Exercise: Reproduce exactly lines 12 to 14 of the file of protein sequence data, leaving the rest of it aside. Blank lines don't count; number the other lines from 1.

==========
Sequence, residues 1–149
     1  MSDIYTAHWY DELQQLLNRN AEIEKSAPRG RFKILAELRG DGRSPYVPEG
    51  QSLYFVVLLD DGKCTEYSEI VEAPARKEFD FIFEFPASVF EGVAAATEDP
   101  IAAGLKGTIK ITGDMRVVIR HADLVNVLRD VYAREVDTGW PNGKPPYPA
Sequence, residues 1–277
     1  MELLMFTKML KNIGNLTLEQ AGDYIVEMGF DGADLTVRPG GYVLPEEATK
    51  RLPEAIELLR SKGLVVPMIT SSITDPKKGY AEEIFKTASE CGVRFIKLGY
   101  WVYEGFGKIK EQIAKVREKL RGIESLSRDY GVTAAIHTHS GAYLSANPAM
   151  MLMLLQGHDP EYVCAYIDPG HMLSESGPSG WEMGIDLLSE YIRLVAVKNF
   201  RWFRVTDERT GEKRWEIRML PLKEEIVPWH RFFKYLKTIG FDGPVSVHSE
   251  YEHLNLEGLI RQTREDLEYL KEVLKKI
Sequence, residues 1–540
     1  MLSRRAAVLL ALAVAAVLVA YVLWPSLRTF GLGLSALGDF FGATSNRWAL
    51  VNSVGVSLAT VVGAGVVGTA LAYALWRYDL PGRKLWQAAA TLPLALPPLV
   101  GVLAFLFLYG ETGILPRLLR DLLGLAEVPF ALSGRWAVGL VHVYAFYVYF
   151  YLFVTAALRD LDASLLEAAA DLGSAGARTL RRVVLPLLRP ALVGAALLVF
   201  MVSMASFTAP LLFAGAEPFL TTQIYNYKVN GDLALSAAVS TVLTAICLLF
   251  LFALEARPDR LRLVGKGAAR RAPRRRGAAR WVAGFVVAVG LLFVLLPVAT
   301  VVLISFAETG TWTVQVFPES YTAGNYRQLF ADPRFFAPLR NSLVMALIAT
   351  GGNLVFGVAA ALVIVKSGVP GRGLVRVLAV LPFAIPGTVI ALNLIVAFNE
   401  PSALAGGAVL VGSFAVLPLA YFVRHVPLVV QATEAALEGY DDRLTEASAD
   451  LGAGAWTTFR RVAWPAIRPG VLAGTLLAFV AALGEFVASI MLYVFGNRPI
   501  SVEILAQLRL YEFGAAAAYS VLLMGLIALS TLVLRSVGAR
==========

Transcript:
Sequence, residues 1–540
     1  MLSRRAAVLL ALAVAAVLVA YVLWPSLRTF GLGLSALGDF FGATSNRWAL
    51  VNSVGVSLAT VVGAGVVGTA LAYALWRYDL PGRKLWQAAA TLPLALPPLV